A cow uses a scratching brush in this undated handout photo. (Benjamin Lecorps, UBC Animal Welfare Program)

A good scratch is just as worthy as good food for cows: study

UBC researchers find dairy cows want scratching brush just as much as fresh feed

Everyone knows the satisfaction of having an itch scratched, and researchers at the University of British Columbia say cows appear to feel the same way.

A study from the animal welfare program at the school found dairy cows want to use a scratching brush just as much as they want to access fresh feed.

The program’s Prof. Marina von Keyserlingk, one of six co-authors of the report, said in nature, cows are outside and use trees and other abrasive surfaces to scratch themselves. But when they’re kept in a barn, scratching is almost impossible.

A scratching brush looks similar to a small bristled roller in a car wash. When the animal steps into or under the brush, it automatically begins rolling.

While researchers found that the cows liked using the brush for an average of seven minutes a day, they weren’t sure how important it was to get that scratch.

The researchers used a preference test for the cows and it showed they were willing to push through a weighted barrier to gain access to the brush just as much as they were willing to push through for fresh feed, von Keyserlingk said.

“You know what it’s like to have an itch in those hard-to-get places,” she said. “So this allows them to really groom those hard-to-get places.”

READ MORE: Festival-goer releases cows, dives into manure pit on Agassiz farm

Von Keyserlingk said they found the brush appeared to help the cattle reduce stress.

“For me, what I also think about is if she’s super itchy and she can’t alleviate that itch, it could be that she could be really frustrated,” she said. “We don’t know what a frustrated cow necessarily looks like, because we haven’t really looked in this context, but it could actually improve her emotional state.”

Published in the journal Biology Letters on Wednesday, the study says in some countries, including Denmark, providing cows with access to resources that promote coat care is mandatory.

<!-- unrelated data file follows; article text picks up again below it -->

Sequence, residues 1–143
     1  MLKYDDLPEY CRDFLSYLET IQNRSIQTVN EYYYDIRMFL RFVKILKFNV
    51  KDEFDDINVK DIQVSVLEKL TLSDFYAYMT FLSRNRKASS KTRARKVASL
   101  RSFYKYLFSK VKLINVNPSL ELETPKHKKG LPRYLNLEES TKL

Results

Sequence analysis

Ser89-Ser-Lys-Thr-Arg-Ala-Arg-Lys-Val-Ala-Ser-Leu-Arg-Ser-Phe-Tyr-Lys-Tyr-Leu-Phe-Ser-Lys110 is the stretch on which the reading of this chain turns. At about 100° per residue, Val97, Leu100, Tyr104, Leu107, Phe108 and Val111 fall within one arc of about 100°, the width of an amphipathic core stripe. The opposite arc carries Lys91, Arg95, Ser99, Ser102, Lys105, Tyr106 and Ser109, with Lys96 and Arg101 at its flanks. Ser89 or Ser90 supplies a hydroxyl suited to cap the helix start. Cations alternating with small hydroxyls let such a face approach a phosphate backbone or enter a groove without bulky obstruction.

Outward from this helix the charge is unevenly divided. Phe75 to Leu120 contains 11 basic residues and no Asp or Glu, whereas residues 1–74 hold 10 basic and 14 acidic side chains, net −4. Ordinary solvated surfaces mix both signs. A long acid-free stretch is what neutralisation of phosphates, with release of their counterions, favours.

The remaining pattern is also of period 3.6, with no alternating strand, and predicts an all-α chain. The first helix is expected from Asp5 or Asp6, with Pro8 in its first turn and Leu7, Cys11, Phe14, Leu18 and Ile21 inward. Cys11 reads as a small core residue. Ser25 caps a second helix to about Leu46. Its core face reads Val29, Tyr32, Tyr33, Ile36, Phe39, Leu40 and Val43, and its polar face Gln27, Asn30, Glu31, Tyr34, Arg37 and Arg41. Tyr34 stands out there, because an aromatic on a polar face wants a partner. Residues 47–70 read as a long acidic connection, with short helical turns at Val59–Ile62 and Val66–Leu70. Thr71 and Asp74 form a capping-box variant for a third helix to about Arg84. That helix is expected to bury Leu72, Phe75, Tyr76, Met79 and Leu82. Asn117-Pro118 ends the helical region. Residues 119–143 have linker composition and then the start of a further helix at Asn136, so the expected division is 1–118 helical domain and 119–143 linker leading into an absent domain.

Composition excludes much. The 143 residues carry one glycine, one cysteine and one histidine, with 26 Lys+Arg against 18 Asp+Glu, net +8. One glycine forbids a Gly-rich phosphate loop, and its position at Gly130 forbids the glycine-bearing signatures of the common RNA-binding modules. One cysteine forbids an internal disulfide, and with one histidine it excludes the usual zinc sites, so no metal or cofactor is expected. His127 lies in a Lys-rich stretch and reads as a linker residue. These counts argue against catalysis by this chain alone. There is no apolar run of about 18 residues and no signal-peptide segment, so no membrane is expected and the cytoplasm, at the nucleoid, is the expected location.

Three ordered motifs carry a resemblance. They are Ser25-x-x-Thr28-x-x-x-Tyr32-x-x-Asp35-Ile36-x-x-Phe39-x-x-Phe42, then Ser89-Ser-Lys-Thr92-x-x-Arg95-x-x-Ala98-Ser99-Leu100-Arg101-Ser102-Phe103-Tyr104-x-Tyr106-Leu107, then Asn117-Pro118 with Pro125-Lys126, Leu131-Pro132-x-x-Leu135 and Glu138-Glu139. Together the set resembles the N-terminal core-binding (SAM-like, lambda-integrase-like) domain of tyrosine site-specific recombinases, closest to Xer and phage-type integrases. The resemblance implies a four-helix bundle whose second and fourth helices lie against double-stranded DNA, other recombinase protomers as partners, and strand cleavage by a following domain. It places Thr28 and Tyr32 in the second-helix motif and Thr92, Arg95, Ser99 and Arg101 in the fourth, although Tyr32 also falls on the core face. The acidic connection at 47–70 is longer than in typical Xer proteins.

“Cattle with access to mechanical brushes are clean and spend about fivefold more time grooming compared with when brushes are not available, suggesting that these brushes are important to the cow,” the study says.

“I think brushes should be part of standard management practice, standard housing systems,” von Keyserlingk said.

She said they aren’t sure why the cows like to groom themselves. It could be to get rid of dirt or, just like most mammals, they get itchy once in a while.

In the past, science has tended to focus on animal welfare by looking at all animals, but von Keyserlingk said that this study looks deeper.

“We know that not all animals are identical and so I’m really interested in this individual variation. Because it’s the individual animal that has the ability to suffer. So looking at these types of things, we can get a better insight into individual differences.”

She couldn’t say that if a farmer added the brushes to their barn, they might have an increase in milk production, but the cattle could be more comfortable.

“I think that there’s a growing body of evidence now that having these brushes is good for the cows.”

Terri Theodore , The Canadian Press

Like us on Facebook and follow us on Twitter

Just Posted

Darrell Paulovich remembered after accident claims his life

A tragic accident claimed the life of a rodeo advocate over the weekend

Ponoka soldiers killed in action in WWI recognized in worldwide vigil

The World Remembers vigil concludes this year following the centenary of the last year of WWI

Ponoka residents asked to provide input in 2019 budget

Ponoka’s budget process is underway and council hopes to hear from residents on their priorities

Serious collision north of Ponoka

Emergency crews were on scene of a serious collision north of Ponoka on Highway 2

Ponoka Broncs take hard-earned victory in final home game

Broncs shutout Drayton Valley, put themselves in position for first ever playoff appearance

Secret supper clubs test appetite for cannabis-infused food ahead of legalization

Chefs are eagerly awaiting pot edibles to become legal in Canada

Andrew Scheer on revamped NAFTA deal: ‘I would have signed a better one’

Conservative leader says he wouldn’t have signed USMCA

Dad files Charter challenge after B.C. bans kids from taking transit unsupervised

Adrian Crook is taking his fight to B.C. Supreme Court

Police investigate alleged arson at Toronto hotel housing asylum seekers

Police believe the fire was started intentionally, but they have not spelled out a possible motive

WATCH: Lots of rodeo action at Cowboy Classic Finals Rodeo

Many Red Deer contestants will be competing all weekend long

Atlantic Canada sees heavy rains, winds from post-tropical storm Michael

Parts of Newfoundland were forecast to get up to 40 millimetres before the storm is set to head out to sea

High times: optimism in Smiths Falls, the little town that marijuana saved

Home to fewer than 9,000 people, the Ontario town had become all too familiar with the pain of economic hardship over the years

UPDATE: Man dies in fiery multi-vehicle collision near Ponoka

Icy roads considered a factor in a serious three-vehicle collision on Highway 2

Most Read